Safety and Security Issues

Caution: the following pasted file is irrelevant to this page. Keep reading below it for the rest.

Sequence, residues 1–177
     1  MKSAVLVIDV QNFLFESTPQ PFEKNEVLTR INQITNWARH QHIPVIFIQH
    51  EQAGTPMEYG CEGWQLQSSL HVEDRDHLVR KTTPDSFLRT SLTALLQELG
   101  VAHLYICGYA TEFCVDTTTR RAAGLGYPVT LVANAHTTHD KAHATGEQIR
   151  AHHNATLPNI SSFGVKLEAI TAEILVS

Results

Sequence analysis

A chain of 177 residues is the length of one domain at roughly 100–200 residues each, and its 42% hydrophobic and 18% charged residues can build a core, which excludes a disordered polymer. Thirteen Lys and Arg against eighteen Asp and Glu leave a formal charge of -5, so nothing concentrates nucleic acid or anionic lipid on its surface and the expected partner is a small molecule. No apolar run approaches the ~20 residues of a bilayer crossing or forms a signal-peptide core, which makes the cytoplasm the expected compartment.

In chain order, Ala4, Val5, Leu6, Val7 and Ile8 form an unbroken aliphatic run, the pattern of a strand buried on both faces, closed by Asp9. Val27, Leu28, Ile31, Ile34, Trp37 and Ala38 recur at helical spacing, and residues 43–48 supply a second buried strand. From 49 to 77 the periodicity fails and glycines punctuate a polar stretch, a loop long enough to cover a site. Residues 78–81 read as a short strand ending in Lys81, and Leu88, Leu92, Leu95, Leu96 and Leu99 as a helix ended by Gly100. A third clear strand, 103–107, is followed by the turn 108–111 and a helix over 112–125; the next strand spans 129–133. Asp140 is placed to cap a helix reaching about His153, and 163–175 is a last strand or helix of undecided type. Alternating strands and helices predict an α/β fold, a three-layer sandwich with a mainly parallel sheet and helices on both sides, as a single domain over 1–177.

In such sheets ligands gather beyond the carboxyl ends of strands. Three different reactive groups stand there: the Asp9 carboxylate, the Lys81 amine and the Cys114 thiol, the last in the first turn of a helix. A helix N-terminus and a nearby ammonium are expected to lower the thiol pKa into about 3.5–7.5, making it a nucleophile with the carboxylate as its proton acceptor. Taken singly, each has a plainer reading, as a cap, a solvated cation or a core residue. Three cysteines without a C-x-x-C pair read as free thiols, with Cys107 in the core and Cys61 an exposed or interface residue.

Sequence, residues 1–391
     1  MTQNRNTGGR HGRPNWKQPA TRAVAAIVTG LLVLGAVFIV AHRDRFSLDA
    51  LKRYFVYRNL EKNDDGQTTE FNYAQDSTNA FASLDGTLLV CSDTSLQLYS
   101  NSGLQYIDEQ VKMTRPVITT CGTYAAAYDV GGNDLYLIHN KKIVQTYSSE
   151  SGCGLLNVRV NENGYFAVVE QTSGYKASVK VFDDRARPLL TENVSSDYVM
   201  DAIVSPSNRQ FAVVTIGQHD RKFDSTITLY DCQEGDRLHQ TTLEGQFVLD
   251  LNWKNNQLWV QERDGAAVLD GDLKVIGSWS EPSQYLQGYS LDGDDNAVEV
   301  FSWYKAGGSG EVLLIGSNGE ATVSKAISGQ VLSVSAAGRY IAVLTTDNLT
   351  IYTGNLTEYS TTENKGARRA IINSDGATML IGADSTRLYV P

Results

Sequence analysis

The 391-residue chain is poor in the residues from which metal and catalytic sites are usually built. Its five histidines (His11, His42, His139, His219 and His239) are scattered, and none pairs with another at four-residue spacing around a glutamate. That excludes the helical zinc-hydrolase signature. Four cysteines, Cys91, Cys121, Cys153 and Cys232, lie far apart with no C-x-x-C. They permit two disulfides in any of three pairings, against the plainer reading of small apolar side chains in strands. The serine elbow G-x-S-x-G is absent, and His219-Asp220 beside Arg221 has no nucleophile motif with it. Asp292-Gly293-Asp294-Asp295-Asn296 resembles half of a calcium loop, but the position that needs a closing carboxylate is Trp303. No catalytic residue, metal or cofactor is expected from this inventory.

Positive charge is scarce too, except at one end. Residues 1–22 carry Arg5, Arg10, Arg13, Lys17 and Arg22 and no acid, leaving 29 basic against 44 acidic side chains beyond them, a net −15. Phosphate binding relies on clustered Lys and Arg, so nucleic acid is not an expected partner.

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--> Air Traffic Control Modeling KATHRYN T. HEIMERMAN The MITRE Corporation McLean, Virginia Abstract This paper describes how the U.S. national airspace system (NAS) operates today and discusses anticipated changes. Examples are given of recent modeling efforts. Models help NAS stakeholders make better-informed decisions about how to safely implement agreed-upon goals for the next generation of air traffic control equipment and procedures. The models sometimes suggest to decision makers what the goals ought to be. Six fundamental modeling concepts that lie on the modeling frontier and will influence its future directions are discussed. These concepts are suggestions for future research and areas where interdisciplinary contributions would expedite advances at the frontier . Introduction The term modeling spans the spectrum from simple relationships to highly complicated, parallel, fast-time, constructive, ''human-in-the-loop," and discrete-event computer simulations. This presentation emphasizes the frontier in modeling. Toward that end, the most exciting work in modeling and simulation is in the development of fundamental modeling concepts. This paper begins with a summary of how the national airspace system (NAS) operates today and then covers anticipated changes and gives examples of models. Then, concepts at the modeling frontier that will guide its future directions and opportunities for interdisciplinary research are discussed.